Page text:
Phakchok Rinpoche

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Phakchok Rinpoche in Lerab Ling June 2009

Kyabgön Phakchok Rinpoche (Tib. སྐྱབས་མགོན་འཕགས་མཆོག་རིན་པོ་ཆེ་, Wyl. skyabs mgon 'phags mchog rin po che) (b.1981) — a lineage-holder of the Chokling Tersar, the Profound Treasures of Chokgyur Lingpa from the Nyingma School of Early Translations. He is also one of the throne-holders of the Riwoche Taklung Kagyü lineage.


Rinpoche was born in 1981 to Tsikey Chokling Rinpoche and his wife Dechen Paldron. His grandfather was Tulku Urgyen Rinpoche and he is the elder brother of Khyentse Yangsi Rinpoche. Recognised at a young age, Rinpoche received an abundance of transmissions, empowerments, and instructions from great masters such as Dilgo Khyentse Rinpoche, Dudjom Rinpoche, Penor Rinpoche and Trulshik Rinpoche. Moreover, from Tulku Urgyen Rinpoche and Nyoshul Khen Rinpoche, whom he considers his main root gurus, Rinpoche received direct instructions on the nature of mind. He was awarded the title of khenpo after taking just seven years to complete the traditional nine-year curriculum in Buddhist philosophy at the Dzongsar Institute of Advanced Buddhist Studies in Bir, India.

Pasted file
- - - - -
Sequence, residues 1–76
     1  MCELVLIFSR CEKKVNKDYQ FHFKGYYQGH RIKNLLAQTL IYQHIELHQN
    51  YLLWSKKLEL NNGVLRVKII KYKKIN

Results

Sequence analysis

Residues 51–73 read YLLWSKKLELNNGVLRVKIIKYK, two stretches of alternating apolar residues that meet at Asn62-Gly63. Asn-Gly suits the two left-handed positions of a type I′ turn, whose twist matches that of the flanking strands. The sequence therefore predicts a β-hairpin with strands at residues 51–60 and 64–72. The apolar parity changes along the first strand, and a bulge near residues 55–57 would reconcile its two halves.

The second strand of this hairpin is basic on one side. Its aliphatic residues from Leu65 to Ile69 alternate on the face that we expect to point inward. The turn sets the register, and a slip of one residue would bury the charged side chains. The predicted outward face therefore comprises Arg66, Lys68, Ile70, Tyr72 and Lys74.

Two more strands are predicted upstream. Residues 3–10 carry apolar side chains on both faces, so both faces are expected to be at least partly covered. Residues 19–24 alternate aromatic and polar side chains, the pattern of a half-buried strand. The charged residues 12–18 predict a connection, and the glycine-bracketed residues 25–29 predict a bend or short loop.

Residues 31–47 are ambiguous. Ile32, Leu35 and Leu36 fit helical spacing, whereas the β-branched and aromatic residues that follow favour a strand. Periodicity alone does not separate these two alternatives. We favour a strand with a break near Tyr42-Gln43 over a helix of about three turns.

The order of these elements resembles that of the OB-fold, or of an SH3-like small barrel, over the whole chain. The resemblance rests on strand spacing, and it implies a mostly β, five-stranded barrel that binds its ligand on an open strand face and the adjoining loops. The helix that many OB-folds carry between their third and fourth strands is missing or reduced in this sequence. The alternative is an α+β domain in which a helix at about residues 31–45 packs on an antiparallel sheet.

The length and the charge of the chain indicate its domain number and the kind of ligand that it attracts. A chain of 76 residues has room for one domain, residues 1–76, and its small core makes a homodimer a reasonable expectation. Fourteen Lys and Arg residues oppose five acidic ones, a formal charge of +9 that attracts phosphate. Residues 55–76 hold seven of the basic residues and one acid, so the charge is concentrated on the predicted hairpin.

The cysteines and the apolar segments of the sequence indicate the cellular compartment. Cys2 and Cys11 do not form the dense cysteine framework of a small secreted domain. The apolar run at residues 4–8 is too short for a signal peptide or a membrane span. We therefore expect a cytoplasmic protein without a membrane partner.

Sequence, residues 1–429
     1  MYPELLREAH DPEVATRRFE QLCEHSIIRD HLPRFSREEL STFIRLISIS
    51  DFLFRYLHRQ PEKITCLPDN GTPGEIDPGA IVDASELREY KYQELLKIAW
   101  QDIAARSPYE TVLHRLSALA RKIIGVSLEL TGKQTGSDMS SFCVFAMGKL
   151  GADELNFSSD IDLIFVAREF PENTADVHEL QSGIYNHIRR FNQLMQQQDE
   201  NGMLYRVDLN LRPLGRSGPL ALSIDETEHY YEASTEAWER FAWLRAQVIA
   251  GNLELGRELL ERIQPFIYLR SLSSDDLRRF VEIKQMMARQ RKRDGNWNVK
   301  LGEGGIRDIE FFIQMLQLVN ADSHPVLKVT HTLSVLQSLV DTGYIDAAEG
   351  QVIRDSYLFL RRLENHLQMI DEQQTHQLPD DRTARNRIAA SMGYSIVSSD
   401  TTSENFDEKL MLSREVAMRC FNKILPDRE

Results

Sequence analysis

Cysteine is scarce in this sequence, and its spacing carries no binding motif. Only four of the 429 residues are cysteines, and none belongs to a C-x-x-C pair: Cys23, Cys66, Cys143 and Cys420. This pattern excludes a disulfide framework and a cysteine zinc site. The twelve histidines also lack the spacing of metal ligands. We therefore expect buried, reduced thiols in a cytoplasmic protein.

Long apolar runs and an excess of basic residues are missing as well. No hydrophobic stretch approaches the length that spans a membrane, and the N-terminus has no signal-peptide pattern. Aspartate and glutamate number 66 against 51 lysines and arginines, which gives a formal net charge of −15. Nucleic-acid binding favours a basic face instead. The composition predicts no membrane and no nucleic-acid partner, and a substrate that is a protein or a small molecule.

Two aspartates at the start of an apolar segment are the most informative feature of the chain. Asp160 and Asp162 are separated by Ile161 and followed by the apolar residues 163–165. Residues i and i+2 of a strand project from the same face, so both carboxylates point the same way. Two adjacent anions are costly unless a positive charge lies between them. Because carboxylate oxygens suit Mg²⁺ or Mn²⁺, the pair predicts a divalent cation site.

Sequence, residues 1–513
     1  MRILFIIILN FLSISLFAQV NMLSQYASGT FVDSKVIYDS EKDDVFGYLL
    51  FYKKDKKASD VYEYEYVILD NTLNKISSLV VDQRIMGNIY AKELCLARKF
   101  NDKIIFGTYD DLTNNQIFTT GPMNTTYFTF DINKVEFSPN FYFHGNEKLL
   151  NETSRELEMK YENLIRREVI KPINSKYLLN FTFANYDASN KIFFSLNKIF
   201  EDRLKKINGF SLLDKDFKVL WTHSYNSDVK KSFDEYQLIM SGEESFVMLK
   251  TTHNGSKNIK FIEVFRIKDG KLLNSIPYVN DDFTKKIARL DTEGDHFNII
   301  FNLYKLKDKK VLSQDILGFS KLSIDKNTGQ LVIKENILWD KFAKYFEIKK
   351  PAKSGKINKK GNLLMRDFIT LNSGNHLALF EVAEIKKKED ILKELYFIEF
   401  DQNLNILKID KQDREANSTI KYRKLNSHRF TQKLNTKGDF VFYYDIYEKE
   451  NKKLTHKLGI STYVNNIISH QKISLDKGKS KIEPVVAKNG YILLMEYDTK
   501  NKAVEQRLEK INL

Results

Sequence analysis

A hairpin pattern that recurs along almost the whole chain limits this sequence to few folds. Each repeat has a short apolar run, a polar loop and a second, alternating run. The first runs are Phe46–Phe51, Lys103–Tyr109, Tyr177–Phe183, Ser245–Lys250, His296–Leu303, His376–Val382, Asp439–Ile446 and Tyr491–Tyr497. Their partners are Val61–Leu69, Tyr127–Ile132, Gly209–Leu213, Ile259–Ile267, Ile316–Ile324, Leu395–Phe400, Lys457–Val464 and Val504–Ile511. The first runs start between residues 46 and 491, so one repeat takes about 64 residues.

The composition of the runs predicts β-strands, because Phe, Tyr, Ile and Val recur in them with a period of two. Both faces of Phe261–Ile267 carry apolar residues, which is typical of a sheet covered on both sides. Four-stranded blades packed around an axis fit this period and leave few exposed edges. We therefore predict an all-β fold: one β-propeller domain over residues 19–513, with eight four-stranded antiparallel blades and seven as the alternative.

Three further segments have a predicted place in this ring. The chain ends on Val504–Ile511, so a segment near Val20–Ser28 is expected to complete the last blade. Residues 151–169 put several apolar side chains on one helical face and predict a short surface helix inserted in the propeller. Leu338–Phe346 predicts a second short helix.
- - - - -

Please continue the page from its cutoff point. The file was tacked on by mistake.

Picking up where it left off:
Presently, Phakchok Rinpoche is abbot of several monasteries in Nepal. He lends assistance to various monasteries and practice centres in Tibet, presides as head of numerous dharma centres in North America and Asia, and teaches widely at centres around the world. Through organisations such as the Chokgyur Lingpa Foundation, he energetically oversees a wide range of humanitarian projects in South Asia. He is also the vajra master at Ka-Nying Shedrub Ling Monastery in Kathmandu, Nepal.

As a yogi-practitioner with a family who also carries responsibility for monastic institutions, Rinpoche is deeply acquainted with both these walks of life and paths of practice. His teachings are direct, lively, and practical, with a strong emphasis on the view of the Great Perfection, on the uncontrived meditation free from concepts that is Mahamudra, on the tireless implementation of the bodhisattva’s conduct, and on the Mahayana instructions on wisdom and compassion.

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